Looking Back: California Wildfires in Review

California witnessed the deadliest and most destructive wildfire in late 2018.

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Looking Back: California Wildfires in Review

Camp Fire wildfire raged across Southern California in late 2018.

Camp Fire wildfire raged across Southern California in late 2018.

US News and World Reports

Camp Fire wildfire raged across Southern California in late 2018.

US News and World Reports

US News and World Reports

Camp Fire wildfire raged across Southern California in late 2018.

Reece Plimpton, Staff Writer

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California has witnessed a devastating wildfire season, with many fires seen all around the state. These wildfires have caused the deaths of 98 civilians and firefighters throughout 2018.

This year alone, we saw the deadliest and most destructive wildfire in California history, the Camp Fire along with the Woolsey Fire, that caused mass evacuations in Los Angeles and burned all the way to Malibu.

The Camp Fire ravaged the Northern California town of Paradise to the ground, leaving little evidence that the town ever existed. People who lived in Paradise had only minutes to escape the flames. The Camp Fire alone killed 86 of the 98 total people who perished in the  many fires.

The cause of the Camp Fire is believed to be from the power company, Pacific Gas & Electric (PG&E). The lawsuit says that there was “unsafe electrical equipment,” and it was a tragedy that “could have been avoided.”

Although there is a lawsuit against PG&E, it is still unknown if they were the actual cause of the blaze.

The Woolsey Fire was burning in the Los Angeles area, it caused the mass evacuation of many areas in Los Angeles.

This fire affected many celebrities, including Kim Kardashian, who went hired private firefighters to prevent the fire from burning down her home. The fire also affected Miley Cyrus, whose house was completely burned to the ground.

The cause of the Woolsey fire is also believed to be from another power company, Southern California Edison. Their lawsuit says there was also “unsafe electrical equipment.”

Both the Camp Fire and Woolsey Fire were burning simultaneously, so firefighters had a hard time trying to get both fires under control.

Wildfires may only be burning for a limited amount of time, but there are many lasting effects still to this day.

These wildfires had particularly bad smoke that travels to highly populated areas, including San Francisco. The inhaling of smoke can have enormous health impacts on people, but the elderly and children are more susceptible to harm.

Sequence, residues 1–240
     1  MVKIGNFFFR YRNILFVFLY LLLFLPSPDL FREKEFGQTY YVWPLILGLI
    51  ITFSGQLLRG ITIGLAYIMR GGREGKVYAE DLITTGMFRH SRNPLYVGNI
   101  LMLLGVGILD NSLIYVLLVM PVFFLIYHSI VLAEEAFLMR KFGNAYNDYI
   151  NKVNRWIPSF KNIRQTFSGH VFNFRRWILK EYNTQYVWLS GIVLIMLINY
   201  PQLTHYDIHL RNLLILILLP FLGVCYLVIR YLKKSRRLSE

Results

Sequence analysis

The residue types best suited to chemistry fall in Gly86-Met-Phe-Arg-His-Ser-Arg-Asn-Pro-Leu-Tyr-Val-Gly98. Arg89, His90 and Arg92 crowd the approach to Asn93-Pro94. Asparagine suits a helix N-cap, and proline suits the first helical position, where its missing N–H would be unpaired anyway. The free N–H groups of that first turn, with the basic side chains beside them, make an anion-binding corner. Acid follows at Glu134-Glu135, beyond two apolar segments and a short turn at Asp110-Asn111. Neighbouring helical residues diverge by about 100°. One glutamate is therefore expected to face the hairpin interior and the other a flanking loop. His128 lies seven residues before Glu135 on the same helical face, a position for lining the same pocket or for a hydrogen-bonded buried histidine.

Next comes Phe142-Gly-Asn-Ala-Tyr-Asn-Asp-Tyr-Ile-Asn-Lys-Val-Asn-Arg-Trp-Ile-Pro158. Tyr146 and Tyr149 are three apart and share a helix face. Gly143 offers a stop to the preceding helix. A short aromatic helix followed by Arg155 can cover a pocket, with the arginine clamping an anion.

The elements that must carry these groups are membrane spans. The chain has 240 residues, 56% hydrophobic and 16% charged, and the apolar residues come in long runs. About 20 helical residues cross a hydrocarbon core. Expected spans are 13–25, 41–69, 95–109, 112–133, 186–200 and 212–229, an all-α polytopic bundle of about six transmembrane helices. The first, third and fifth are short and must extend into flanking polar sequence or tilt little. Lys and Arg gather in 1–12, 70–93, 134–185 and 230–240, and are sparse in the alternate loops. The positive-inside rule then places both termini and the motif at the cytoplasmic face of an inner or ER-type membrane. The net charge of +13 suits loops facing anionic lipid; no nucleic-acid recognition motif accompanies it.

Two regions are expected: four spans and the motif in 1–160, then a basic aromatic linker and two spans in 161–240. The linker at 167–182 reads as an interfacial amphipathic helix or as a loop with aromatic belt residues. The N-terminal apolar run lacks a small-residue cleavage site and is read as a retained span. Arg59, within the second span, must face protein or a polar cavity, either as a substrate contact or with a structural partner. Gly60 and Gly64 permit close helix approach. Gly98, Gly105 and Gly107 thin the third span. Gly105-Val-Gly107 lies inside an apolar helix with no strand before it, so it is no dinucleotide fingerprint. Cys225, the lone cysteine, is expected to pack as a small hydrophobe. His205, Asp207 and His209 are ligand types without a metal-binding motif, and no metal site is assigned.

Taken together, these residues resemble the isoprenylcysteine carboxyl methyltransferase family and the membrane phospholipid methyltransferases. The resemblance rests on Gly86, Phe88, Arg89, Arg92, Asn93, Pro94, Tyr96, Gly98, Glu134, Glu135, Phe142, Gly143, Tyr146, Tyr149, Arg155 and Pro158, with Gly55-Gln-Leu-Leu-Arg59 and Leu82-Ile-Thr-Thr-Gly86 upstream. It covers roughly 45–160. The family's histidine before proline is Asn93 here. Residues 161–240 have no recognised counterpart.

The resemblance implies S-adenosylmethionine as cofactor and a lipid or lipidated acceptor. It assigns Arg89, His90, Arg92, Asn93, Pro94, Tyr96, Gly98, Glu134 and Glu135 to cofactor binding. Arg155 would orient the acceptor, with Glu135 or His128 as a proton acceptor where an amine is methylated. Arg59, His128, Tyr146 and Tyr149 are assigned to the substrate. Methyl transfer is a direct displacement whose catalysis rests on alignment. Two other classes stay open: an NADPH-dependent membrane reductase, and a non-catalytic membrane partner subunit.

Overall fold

The 2018 wildfires in California cost $400 billion in damages and the California fire department 1 billion, both setting new records.

When wildfires burn through forests, they kill all the vegetation, so nothing is holding the ground in place. After these terrible wildfires, California typically sees its rainy season.

Experts like to call this an “atmospheric river” where moisture keeps coming to California being heavy rain.

These heavy rain events can trigger flash flooding and mudslides. Mudslides can rush down hills and carry huge boulders that can destroy a community. California saw a terrible mudslide in Montecito last year that killed 21 people.

The firefighters that battle wildfires risk their lives every time they go to fight them. Firefighter Katherine Stanforth, friend of English student teacher Alexis Rosen, has helped fight wildfires in many different places.

Stanforth describes how dangerous it can be to fight a wildfire. “The biggest dangers in wildland firefighting are awareness-related. Even simple things like making sure your footing is stable as you’re carrying your pack and water in mountainous areas can help prevent injuries. [Also] a shift in wind can change the entire scene of a fire quickly and cause it to change direction or potentially blow up and get larger,” Stanforth explained.

Wildfires can affect firefighters too, with the physical workload and pressure to put the wildfire out, it can become stressful.

Stanforth explained how fighting wildfires affected her. “Physically, it was hard work over long days. Carrying our packs and tools was everyday work that felt much more grueling after a 4-mile hike in, digging fireline for hours, and a 4-mile hike out,” Stanforth said.

Wildfires are becoming more frequent in California and are burning bigger than ever. California has seen one of the worst fire seasons in history, and the residents of California are only hoping for one to never be this bad ever again.